The Transamerica Pyramid
The Transamerica Pyramid is the tallest skyscraper in the San Francisco skyline. The building no longer houses the headquarters of the Transamerica Corporation, which moved their U.S. headquarters to Baltimore, Maryland, but it is still associated with the company and is depicted in the company's logo. Designed by architect William Pereira and built by Hathaway Dinwiddie Construction Company, at 853 ft , on completion in 1972 it was the eighth tallest building in the world.
The land use and zoning restrictions for the parcel limited the number of square feet of office that could be built upon the lot, which sits at the north boundary of the financial district.
The building is a tall, four-sided pyramid with two "wings" to accommodate an elevator shaft on the east and a stairwell and a smoke tower on the west. The top 212 feet (65 m) of the building is the spire. There are four cameras pointed in the four cardinal directions at the top of this spire forming a virtual observation deck. Four monitors in the lobby, whose direction and zoom can be controlled by visitors, display the cameras' views 24 hours a day. An observation deck on the 27th floor was closed after the September 11, 2001 attacks, and replaced by the virtual observation deck.
The top of the Transamerica Pyramid is covered with aluminum panels. During the Christmas holiday season, and on Independence Day and the anniversary of the September 11, 2001 attacks, a brightly twinkling beacon called the "Crown Jewel" is lit at the top of the pyramid.
The building's façade is covered in crushed quartz, giving the building its light color.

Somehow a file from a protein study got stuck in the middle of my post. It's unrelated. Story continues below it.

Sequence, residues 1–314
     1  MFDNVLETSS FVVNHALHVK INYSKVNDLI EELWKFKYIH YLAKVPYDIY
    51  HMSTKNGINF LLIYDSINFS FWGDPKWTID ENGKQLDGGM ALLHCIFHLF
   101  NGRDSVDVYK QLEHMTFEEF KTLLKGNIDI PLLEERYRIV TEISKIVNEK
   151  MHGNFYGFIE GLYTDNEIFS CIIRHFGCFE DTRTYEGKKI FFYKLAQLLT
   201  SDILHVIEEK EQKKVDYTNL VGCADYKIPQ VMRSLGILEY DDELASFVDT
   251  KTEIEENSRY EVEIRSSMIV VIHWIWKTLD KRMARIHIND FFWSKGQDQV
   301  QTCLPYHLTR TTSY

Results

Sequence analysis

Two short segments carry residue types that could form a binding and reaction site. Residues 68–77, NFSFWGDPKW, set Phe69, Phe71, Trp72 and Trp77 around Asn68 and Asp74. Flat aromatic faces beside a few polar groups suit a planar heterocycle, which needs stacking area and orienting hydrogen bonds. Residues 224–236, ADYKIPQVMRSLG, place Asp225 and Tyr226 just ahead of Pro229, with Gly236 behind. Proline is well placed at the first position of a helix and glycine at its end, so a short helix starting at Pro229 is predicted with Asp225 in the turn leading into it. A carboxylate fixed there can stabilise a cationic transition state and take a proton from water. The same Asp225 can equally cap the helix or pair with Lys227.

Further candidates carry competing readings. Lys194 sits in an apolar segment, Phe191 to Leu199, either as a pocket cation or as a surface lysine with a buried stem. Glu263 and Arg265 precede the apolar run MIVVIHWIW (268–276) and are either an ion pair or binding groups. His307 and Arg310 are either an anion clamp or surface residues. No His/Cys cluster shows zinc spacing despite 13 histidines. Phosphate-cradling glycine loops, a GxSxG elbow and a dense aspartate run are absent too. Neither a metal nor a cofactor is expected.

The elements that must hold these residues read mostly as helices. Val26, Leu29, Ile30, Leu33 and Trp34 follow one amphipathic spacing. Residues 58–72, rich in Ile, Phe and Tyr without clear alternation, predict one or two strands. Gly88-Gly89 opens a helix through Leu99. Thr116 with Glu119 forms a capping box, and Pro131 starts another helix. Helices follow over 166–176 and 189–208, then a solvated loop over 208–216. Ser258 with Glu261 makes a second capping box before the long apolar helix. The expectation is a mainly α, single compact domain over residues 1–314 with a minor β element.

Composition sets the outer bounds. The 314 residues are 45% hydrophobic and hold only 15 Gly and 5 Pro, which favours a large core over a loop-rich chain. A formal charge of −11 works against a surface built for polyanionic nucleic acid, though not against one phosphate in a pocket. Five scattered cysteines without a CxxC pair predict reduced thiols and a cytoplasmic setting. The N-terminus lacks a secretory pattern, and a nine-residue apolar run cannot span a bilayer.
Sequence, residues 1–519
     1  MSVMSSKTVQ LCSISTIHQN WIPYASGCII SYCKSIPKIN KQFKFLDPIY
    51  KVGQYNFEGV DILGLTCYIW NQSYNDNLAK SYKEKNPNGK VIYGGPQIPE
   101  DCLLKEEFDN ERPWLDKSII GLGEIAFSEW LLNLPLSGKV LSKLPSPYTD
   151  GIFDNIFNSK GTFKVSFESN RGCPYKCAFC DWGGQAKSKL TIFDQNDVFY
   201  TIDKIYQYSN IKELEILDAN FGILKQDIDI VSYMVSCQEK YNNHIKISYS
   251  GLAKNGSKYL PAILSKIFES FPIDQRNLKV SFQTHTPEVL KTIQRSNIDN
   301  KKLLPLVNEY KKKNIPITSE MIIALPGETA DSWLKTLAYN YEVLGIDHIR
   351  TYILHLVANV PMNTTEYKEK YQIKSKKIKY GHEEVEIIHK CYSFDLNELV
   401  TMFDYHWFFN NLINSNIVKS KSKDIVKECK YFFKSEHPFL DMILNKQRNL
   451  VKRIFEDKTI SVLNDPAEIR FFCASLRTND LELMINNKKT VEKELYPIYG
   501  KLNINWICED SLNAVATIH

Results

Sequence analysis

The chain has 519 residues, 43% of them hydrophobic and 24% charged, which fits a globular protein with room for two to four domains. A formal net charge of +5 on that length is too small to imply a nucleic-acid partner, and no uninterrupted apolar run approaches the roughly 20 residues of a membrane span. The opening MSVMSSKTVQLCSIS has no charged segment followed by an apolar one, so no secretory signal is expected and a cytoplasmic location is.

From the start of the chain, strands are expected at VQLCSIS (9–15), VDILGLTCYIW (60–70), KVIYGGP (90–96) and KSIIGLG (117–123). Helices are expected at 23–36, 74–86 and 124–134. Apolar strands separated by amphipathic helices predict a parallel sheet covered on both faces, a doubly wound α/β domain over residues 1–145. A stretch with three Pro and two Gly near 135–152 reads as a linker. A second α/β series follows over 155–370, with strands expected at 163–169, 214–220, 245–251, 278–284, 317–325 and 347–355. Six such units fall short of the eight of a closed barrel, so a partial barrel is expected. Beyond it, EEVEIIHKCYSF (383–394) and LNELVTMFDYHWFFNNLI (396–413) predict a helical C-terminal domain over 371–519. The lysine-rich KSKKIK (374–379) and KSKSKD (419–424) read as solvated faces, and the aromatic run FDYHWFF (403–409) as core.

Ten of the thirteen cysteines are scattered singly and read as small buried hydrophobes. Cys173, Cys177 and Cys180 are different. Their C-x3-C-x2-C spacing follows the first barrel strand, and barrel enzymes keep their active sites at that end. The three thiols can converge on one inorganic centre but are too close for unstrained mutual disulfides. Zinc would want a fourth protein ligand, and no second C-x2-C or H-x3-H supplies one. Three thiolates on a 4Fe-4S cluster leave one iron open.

The four-story base contains 16,000 cu yd (12,000 m3) of concrete and over 300 mi (480 km) of steel rebar.
It has 3,678 windows.
The building's foundation is 9 feet (2.7 m) thick, the result of a 3 day, 24-hour continuous concrete pour. Several thousand dollars in quarters and change were thrown into the pit by observers surrounding the site at street level during the pouring, for good luck.
Only two of the building's 18 elevators reach the top floor.
The original proposal was for a 1,150 ft (350 m) building, which for a year would have been the second-tallest completed building in the world. The proposal was rejected by the city planning commission, saying it would interfere with views of San Francisco Bay from Nob Hill.
The building is on the site that was the temporary home of A.P. Giannini's Bank of Italy after the 1906 San Francisco earthquake destroyed its office. Giannini founded Transamerica in 1928 as a holding company for his financial empire. Bank of Italy later became Bank of America.
There is a plaque commemorating two famous dogs, Bummer and Lazarus, at the base of the building.
The hull of the whaling vessel Niantic, an artifact of the 1849 California Gold Rush, lay almost beneath the Transamerica Pyramid, and the location is marked by a historical plaque outside the building (California Historical Landmark #88).
The aluminum cap is indirectly illuminated from within to balance the appearance at night.
The two wings increase interior space at the upper levels. One extension is the top of elevator shafts while the other is a smoke evacuation tower for fire-fighting.
A glass pyramid cap sits at the top and encloses red aircraft warning light and the brighter seasonal beacon.
The Transamerica Pyramid | eTips Inc.